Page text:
Today is Friday, I try to finish early around 5pm so our weekend can begin (usually the working day doesn’t finish until 6:30pm). If it’s a mummy weekend we will look at who has arranged what with who at school and schedule some fun things to do around the myriad of sporting activities. If it’s a daddy weekend it’s a light dinner before the children disappear and I can relax with a huge glass of red 🍷
4. Today so many of us may experience periods of low confidence when motherhood kicks in, especially when a career change is also involved. What would you advise mothers to do in order to overcome this and pursue their dreams like you have successfully done?
Oh gosh the way you ‘talk to’ yourself influences everything you do. My advice would be to just stop listening to those voices of self doubt, find a way to work through anything self-limiting. Don’t compare yourself to anyone else. And if that fails call me and I’ll remind you how amazing you are!
5. What would you advise the new ‘mumpreneurs’ to keep in mind in the early days of growing a business (after all the challenges and perks you got during developing Hummingbird)?
I think its important to keep in mind no-one ever started a business knowing it all, so you won’t and that’s ok… In the early days set realistic goals but don’t beat yourself up if you don’t reach those goals in the timescales you envisage, goals and timescales evolve, and that’s ok too… See mistakes and rejections as opportunities to learn and just keep up the momentum. Oh and get a good accountant – make your life a tax deductible expense.
One of my biggest challenges came from the change in infrastructure – going from a huge organization with access to insight, resources and support services at your finger tips, to having to do everything for yourself took some adjustment. But there is something so empowering about being the master of your own destiny and making it work for you and your kids that far outweighs any negatives.
6. Which are the 3 ‘I got this from my mama’ lessons you’d like your daughter to learn from you and proudly use later in her adult life?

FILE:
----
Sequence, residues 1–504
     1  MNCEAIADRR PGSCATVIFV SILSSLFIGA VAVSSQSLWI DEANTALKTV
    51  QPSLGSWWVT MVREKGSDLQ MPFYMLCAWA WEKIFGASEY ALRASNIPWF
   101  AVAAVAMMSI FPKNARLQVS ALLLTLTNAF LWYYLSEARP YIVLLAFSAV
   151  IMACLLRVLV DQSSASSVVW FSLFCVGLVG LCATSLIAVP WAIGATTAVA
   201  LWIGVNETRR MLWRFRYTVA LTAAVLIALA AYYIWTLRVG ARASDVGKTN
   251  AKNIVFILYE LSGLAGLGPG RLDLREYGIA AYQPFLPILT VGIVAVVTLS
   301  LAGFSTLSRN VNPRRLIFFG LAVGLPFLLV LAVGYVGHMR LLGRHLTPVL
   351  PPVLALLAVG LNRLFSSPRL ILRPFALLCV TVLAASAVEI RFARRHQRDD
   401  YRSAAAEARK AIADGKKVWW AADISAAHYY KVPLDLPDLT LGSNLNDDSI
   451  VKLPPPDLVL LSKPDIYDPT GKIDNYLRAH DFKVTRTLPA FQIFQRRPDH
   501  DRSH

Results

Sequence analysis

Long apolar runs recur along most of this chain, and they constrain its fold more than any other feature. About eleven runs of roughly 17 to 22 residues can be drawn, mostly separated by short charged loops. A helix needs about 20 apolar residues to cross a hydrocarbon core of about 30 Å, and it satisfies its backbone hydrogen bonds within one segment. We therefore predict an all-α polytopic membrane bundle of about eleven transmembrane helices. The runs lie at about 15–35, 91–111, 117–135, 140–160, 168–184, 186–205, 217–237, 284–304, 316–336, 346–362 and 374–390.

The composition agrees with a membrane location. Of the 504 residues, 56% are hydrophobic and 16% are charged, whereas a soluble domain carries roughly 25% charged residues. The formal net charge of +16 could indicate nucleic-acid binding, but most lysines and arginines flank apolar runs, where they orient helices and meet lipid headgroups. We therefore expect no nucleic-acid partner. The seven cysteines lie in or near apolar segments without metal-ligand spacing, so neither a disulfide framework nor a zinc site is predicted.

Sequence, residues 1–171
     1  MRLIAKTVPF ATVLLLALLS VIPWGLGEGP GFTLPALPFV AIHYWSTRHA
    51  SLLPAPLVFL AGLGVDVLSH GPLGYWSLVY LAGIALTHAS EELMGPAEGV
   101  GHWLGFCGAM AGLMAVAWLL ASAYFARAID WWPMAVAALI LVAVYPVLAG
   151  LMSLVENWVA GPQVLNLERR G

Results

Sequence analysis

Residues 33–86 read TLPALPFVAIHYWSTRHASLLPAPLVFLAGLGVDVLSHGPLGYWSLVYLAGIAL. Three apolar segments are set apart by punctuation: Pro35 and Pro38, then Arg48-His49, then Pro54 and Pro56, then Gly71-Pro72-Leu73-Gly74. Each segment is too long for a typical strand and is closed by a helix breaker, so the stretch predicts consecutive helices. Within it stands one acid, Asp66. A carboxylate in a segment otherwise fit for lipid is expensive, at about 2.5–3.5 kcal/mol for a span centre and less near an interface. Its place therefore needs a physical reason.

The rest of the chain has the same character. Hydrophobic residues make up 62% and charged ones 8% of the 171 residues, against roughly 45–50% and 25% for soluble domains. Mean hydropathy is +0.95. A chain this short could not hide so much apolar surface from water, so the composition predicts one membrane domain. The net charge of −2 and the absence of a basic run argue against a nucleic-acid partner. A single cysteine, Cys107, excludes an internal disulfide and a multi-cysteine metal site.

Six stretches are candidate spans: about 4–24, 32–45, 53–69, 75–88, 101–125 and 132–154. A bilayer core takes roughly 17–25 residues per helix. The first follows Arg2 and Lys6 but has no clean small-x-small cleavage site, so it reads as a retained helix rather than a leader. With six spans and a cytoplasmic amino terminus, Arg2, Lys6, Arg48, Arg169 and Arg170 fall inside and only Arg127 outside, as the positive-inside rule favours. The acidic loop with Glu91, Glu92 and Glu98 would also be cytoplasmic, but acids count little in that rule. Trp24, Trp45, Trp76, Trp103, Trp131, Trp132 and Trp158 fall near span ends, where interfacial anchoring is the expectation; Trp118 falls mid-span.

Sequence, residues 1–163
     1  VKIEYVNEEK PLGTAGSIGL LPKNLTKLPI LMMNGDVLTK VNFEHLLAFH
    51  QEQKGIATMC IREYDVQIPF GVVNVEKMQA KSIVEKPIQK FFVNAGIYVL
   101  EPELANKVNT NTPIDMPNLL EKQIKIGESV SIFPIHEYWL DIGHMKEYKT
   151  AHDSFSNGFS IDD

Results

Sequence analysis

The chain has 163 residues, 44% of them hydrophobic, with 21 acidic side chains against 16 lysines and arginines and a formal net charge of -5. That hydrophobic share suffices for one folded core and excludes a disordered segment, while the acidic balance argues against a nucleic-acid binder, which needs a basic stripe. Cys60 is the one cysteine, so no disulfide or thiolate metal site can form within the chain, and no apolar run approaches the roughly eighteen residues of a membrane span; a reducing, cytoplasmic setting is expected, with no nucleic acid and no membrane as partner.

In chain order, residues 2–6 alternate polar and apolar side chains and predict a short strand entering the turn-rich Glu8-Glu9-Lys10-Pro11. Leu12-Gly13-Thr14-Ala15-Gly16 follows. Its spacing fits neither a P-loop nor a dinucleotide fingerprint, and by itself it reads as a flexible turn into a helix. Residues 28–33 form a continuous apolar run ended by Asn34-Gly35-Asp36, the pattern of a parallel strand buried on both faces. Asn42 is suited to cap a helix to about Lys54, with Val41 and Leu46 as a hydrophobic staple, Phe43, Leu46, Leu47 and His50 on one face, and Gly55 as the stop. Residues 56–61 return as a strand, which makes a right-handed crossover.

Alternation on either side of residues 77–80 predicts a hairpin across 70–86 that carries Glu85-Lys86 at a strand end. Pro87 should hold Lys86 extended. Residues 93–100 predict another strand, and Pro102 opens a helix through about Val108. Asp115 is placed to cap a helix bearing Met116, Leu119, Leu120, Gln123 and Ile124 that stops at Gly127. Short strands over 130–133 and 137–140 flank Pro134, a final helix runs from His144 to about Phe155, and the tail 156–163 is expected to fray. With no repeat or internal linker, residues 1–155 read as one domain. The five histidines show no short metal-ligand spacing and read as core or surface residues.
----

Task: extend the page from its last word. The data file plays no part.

My mother’s life lessons centered around always trying your best, treating others as you want to be treated, having respect for all living things, … and never swearing.
She taught me how to sew a hem and cook a roast, wire a plug and plumb in a washing machine – very resourceful woman my mother
I would like Ella to take all of those character traits with her too. She’s definitely got her work ethic from me and always puts 100% effort into everything she does. She starts College in September and I’m so proud of how far she has come. I’m proud of the dude too of course.
7. Your favourite quote…
A portion of a quote by Lewis Carroll is one of my favourites: “In the end we only regret the chances we didn’t take…”
8. Finally, what has motherhood been teaching you and your favourite motherhoody perks are…
Motherhood has taught me compassion, acceptance, patience and given me superb conflict resolution skills. Its also taught that wine solves most of the things my conflict resolution skills can’t! (lol) One of my favourite motherhoody perks is the cup of tea Ella brings me in bed every morning. She just started doing it one day without even being asked, and has done it ever since! Any Isaac related perks usually cost me money. He’s great at neck massages but they always come at a price.
Any mumpreneurs looking to benefit their business through effective brand engagement can contact Caren at TheHummigbirdOrg@gmail.com.